Welcome to our series, #WHYoming.
We are highlighting people from around our communities and asking them a few questions. We want to learn a little about them and see why they chose this great state to raise their families, start their businesses, or simply to ask — Why Wyoming?
For this week’s #WHYoming, I had a chance to talk with Jason Mower, the Chief Public Information Officer for the Sweetwater County COVID-19 Emergency Operations Center. Jason is also the PIO for the Sweetwater County Sheriff’s Office.
Jason has been working tirelessly to keep the community updated on the COVID-19 Coronavirus pandemic. Times are stressful, as well all know, but Jason wants to remind the community that it’s ok to take a moment to laugh.
Born and raised in Wyoming, Jason can’t really see himself living anywhere else. He has lived in Green River with his family for about 10 years now, and this community is his home. During his time at the Sweetwater County Sheriff’s Office, Jason has worked day in and day with the priority of keeping the community he loves safe and informed.
Jason, what is your role on the Emergency Operations Center? How did you end up in this role?
I’m assigned as Chief Public Information Officer for the Sweetwater County COVID-19 Emergency Operations Center. Sheriff Grossnickle recommended me for this role, and I was officially asked to fill the role by the EOC Incident Commander and Chairman of the Sweetwater County Board of Commissioners, Randy “Doc” Wendling.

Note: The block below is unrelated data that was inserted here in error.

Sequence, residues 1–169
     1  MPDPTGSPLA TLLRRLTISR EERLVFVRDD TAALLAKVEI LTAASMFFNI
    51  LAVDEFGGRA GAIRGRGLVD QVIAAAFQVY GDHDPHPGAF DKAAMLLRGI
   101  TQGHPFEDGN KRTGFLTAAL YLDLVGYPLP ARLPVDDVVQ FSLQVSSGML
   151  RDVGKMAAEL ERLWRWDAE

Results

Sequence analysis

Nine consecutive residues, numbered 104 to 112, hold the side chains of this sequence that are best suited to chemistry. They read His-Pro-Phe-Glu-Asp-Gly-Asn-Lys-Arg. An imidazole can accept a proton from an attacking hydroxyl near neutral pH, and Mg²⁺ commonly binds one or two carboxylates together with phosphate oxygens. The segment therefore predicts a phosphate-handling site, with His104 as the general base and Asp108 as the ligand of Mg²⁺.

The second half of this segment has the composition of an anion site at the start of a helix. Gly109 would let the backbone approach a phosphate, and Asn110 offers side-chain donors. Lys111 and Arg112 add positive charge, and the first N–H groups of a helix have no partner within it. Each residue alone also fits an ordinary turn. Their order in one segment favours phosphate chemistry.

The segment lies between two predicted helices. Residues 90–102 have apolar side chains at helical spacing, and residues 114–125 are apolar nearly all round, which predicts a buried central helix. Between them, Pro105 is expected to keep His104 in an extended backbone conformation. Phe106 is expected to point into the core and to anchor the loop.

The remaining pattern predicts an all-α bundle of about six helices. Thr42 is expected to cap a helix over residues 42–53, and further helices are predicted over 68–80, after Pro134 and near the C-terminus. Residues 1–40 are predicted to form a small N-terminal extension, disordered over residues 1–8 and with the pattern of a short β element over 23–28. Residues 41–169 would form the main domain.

Before we activated the EOC, I was working as public information officer for the Sweetwater County Community Resiliency Task Force.
The task force was a partnership among our local emergency first responders and community stakeholders. We convened the task force in anticipation of the arrival of the COVID-19 virus here in Sweetwater County.
Our goal was to serve as a consolidated clearinghouse for local public health and safety information as it relates to the coronavirus disease in our community.
Now under the umbrella of the EOC, the task force continues to operate at my direction as an intelligence gathering unit – the true eyes and ears on the ground who help the EOC keep track of relevant trends and developments in our community.
What has the average day been looking like since the EOC started up?
Honestly, it’s been an absolute whirlwind! My day is filled with nonstop phone calls, email correspondence, planning meetings, operational and intelligence briefings, media releases and press briefings. In my role as EOC Chief PIO, I’m trying to do everything I can think of to keep the public informed with accurate information that is readily accessible to everyone, and is delivered in a timely and responsible manner.
Now, with two weeks of EOC operations under our belt, we continue to streamline the process so it remains manageable and effective for everyone. I’m honored and humbled to work with such an experienced and talented group of people. I’m confident that, if we all continue to do our part by following current guidelines and recommendations, we are in good hands here in Sweetwater County, and we will all get through this crisis together.
What is your role in the Sheriff’s Office? How did you end up in that position?
I currently serve the sheriff’s office as our public affairs officer. I was assigned to the position when Sheriff Grossnickle took office.
How long have you been with the Sheriff’s Office? What does your prior job history look like?